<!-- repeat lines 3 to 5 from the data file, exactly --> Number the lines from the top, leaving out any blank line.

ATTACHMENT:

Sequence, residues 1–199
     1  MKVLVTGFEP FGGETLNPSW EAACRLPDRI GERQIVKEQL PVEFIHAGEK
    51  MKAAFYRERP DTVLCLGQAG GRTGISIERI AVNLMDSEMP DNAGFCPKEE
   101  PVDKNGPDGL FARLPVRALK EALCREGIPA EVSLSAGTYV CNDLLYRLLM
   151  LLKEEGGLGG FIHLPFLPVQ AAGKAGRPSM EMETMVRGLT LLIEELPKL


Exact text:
    51  MKAAFYRERP DTVLCLGQAG GRTGISIERI AVNLMDSEMP DNAGFCPKEE
   101  PVDKNGPDGL FARLPVRALK EALCREGIPA EVSLSAGTYV CNDLLYRLLM
   151  LLKEEGGLGG FIHLPFLPVQ AAGKAGRPSM EMETMVRGLT LLIEELPKL